Spring water from springs scattered across north Georgia may taste better than tap water, but that doesn’t mean it is safe to drink. The truth is that these spring water sources are not tested or treated.
This year’s peanut yields in Georgia was among the state’s highest, but University of Georgia peanut agronomist Scott Monfort fears that next year’s crop will be vulnerable to increased disease pressure.
November 2015 was one of the 10 wettest, warmest Novembers on record for Georgia. Some areas of the state received as much as 10 inches more rain than is normal, and temperatures were generally 3 to 7 degrees above normal.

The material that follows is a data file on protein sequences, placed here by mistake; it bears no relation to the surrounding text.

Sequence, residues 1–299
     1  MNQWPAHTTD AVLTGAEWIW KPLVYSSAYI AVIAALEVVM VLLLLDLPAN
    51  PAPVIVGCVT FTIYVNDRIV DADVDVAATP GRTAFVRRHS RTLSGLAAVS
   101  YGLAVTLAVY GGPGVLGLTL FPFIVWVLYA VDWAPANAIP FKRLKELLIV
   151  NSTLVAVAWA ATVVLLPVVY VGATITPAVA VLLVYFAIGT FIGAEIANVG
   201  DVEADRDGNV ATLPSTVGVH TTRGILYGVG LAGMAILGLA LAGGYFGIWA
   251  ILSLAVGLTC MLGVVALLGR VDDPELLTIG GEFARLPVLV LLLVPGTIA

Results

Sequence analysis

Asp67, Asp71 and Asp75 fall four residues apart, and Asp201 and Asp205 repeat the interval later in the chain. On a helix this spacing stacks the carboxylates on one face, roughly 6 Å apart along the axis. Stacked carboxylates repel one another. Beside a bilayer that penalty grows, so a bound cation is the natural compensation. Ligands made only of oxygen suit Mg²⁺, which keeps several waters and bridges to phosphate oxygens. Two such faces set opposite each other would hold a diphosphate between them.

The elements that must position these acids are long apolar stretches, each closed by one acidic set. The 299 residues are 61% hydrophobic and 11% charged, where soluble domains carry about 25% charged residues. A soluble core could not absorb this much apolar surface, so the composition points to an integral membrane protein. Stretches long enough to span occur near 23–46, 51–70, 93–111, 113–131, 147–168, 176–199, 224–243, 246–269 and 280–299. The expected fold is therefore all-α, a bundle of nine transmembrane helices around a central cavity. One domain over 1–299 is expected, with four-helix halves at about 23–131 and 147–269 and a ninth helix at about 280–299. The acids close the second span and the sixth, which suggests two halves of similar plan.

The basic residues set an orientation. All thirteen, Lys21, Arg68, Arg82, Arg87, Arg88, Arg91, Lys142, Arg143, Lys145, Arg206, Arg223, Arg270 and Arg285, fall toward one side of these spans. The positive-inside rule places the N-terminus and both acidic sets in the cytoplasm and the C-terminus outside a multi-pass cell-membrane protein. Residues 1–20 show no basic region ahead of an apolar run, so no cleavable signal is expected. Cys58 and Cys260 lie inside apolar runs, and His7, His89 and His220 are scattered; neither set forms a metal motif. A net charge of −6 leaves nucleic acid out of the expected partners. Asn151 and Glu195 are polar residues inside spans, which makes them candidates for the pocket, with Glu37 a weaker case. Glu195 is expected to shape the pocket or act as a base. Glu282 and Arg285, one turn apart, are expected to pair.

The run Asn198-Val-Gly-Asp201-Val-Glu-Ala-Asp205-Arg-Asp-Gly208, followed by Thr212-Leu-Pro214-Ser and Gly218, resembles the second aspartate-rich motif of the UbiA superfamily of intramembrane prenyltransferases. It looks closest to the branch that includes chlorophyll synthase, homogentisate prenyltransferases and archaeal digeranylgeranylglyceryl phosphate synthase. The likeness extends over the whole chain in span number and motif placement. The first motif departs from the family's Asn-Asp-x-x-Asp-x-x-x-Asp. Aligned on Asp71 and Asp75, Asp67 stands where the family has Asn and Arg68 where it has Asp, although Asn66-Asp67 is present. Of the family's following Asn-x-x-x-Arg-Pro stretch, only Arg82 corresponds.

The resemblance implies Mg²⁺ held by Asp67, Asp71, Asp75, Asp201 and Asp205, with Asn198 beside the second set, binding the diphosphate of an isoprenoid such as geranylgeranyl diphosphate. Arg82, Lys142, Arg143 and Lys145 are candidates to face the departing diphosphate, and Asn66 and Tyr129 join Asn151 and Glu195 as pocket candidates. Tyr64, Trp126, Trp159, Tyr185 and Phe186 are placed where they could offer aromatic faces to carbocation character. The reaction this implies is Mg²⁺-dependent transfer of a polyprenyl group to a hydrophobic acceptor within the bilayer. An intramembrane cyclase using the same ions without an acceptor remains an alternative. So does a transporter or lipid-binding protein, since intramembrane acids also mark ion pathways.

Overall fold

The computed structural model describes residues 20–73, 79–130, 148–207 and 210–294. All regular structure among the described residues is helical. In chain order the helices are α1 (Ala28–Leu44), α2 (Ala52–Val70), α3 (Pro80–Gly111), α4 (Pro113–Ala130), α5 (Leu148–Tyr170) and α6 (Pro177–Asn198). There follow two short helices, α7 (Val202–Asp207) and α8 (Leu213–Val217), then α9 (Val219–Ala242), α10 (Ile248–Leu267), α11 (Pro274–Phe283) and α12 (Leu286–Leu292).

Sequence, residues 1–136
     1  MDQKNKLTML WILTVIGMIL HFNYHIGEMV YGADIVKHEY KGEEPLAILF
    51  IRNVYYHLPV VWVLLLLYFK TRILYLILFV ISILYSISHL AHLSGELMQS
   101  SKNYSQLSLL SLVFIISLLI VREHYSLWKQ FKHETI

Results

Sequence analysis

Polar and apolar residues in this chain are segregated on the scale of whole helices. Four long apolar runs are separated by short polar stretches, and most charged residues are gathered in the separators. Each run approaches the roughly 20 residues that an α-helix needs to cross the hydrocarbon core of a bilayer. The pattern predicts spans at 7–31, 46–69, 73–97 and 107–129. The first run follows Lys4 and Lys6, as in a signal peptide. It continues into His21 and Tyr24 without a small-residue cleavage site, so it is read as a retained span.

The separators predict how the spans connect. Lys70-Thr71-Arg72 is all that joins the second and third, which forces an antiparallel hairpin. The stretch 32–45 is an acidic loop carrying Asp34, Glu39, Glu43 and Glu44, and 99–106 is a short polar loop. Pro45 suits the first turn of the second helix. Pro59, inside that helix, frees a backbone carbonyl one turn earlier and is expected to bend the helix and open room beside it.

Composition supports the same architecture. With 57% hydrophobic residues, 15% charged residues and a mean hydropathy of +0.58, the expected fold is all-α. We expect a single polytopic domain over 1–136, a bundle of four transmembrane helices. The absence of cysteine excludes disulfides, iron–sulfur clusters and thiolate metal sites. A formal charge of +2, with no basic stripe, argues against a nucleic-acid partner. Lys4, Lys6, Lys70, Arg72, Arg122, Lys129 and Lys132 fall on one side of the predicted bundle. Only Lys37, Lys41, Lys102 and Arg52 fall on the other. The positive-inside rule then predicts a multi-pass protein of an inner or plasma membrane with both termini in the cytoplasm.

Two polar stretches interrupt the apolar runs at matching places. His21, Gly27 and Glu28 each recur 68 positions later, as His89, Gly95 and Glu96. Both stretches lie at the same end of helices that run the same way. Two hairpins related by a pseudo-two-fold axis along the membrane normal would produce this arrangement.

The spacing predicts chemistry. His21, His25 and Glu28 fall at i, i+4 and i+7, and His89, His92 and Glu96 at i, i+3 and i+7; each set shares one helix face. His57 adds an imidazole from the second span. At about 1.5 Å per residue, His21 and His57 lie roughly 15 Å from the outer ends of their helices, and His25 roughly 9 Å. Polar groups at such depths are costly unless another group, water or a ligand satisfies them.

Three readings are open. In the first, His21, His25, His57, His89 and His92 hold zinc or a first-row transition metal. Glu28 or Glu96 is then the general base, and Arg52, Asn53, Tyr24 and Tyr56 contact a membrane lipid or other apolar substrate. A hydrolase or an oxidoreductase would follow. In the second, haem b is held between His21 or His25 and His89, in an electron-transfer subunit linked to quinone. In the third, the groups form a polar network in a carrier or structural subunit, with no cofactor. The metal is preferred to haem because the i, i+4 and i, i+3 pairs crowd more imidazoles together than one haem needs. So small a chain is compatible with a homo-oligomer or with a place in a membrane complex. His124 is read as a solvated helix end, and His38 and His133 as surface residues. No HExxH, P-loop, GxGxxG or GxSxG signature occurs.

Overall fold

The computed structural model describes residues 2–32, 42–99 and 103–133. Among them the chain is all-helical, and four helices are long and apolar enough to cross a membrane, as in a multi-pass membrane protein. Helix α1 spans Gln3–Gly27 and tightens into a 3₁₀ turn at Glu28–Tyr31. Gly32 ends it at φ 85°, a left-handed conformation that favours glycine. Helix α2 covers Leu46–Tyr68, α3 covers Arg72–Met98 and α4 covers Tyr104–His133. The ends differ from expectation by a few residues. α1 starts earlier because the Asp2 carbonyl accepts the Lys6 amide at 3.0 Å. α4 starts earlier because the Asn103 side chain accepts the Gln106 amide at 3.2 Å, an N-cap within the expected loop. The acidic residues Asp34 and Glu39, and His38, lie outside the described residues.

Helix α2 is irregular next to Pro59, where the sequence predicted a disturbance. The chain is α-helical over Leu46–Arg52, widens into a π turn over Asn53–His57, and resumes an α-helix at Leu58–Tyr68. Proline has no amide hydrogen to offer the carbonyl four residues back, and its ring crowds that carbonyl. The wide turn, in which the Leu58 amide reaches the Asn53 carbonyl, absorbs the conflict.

Georgia peanut farmers can’t control rainfall or the recent deluge the state received over the last week. They can, however, control how much water they apply to their crops through irrigation. A University of Georgia researcher believes applying too much water to peanuts can invite diseases and reduce yields.
In a time of public debate over the effectiveness and safety of genetically modified foods, it’s hard to picture the era before crop breeders developed grain varieties that could withstand drought and common diseases.